2016 RAM 1500 3.6L towing 21ft - my experience - Escape Trailer Owners Community

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Old 11-06-2016, 11:01 PM   #1
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2016 RAM 1500 3.6L towing 21ft - my experience

Anyone thinking of implementing this tow vehicle/trailer combination? I just got almost real world experience to share. I say almost because unlike a fully loaded trailer, we took delivery of the 21ft classic trailer with no gear or fluids other than full LPG tanks. We towed 1350 miles through several passes in Oregon and the Tehachapi pass in southern California (3,800 ft elevation). If this combo interests you, read on.


The truck:
2016 RAM 3.6L V6 aspirated - Quad Cab - 8 speed - 305hp, 269ft-lb 3.55 axle ratio with SnugTop camper shell.

Elected the 3.6L (3.55 ratio) vs the 5.7L as today's V6s offer more power that most V8s years ago.
The 3.6L also uses regular gasoline while the 5.7L mid-grade. The 5.7L sounds wonderful and made this a tough decision.

My 3.6L after 2,000 miles of by the book break-in delivers 25 mpg on highway at 70 mph between Anaheim and Oakland California (800 miles round trip) going over the 3,800ft Tehachapi pass. Six north/south trips all averaged 25mpg on truck's console. At 70 mph I could see 1,800 RPM. I use Mobil One oil every 5,000 miles.

The 1,300 miles towing from Sumas to Anaheim averaging 60 mph (+/- 3mph) was pleasant. We arrived in Anaheim with average mpg console reading of 15.8 mpg. Truck mileage arriving Anaheim was 9,700 miles. Relatively new truck.

Every mountain pass dropped average mpg significantly but all recovered on way down. This is also true when not towing and getting 25mpg at 70mph


2016 RAM factory towing equiptment:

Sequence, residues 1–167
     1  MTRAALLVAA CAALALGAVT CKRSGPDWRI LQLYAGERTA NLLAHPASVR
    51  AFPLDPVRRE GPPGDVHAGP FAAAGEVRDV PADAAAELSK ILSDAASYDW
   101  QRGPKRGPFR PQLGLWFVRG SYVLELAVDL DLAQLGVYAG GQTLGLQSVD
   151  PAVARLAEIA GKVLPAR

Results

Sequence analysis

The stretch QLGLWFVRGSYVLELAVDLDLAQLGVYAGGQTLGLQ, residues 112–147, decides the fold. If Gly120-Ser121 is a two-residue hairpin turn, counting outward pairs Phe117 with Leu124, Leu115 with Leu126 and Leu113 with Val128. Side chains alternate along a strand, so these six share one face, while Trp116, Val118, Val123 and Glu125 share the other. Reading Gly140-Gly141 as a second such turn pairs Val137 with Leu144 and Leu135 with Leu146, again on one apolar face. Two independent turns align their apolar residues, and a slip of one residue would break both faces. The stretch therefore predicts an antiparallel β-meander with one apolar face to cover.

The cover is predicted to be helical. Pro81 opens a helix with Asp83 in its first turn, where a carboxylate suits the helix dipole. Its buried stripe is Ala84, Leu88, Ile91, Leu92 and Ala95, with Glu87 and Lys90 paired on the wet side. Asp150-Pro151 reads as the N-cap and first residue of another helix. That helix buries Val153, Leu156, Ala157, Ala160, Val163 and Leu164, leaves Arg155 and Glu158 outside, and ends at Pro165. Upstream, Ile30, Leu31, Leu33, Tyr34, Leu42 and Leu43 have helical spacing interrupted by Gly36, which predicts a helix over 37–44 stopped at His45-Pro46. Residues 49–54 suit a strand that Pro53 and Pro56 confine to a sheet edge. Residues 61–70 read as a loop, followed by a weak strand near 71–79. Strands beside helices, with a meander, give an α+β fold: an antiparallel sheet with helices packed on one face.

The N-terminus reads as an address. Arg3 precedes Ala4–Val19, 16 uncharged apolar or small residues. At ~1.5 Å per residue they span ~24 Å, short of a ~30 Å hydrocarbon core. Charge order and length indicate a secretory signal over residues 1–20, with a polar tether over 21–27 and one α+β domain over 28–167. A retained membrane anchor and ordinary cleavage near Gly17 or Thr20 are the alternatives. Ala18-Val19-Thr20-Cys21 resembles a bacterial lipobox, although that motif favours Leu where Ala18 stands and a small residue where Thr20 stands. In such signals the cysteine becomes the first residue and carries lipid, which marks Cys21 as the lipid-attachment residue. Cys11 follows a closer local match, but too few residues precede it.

32 gal tank, integrated trailer braking system, hitch & connectors, flip up towing mirrors, rear view camera.

No weight distribution system installed at this time. Will wait for fully loaded trips later to determine if needed.

Brake controller setting to "Light Electric", gain of 5.0

For those going to take delivery of trailer, I strongly suggest you bring a well calibrated torque wrench and set to 95 ft-lbs. You will need to check/set torque every 100km three times per factory. Not sure if this is needed on steel wheels?

I also suggest you check your 7 pin hitch connector and see that all trailer lights connector pins work. Make sure the trailer brake controller is working. I used a 12vdc filament bulb to check my controller seeing the bulb's intensity rise and drop as dear wife manually moved the controller setting. Without a filament bulb there is not enough resistance for the controller, in my truck at least, to detect the "brakes".

Driveability:
NOTE: except for full propane tanks, trailer was empty.

Towing was smooth and well controlled, no fishtailing- none. Good acceleration from stop and going up steep 5-6% grades. Don't anticipate much additional mountain crossing degradation when trailer gets fully loaded as the 3.6L seemed quite willing.

Braking was excellent. It was smooth and could not tell I had a trailer assisting with the overall braking effort. I am impressed with the RAM controller as well as the four trailer brakes. It was teamwork at its best.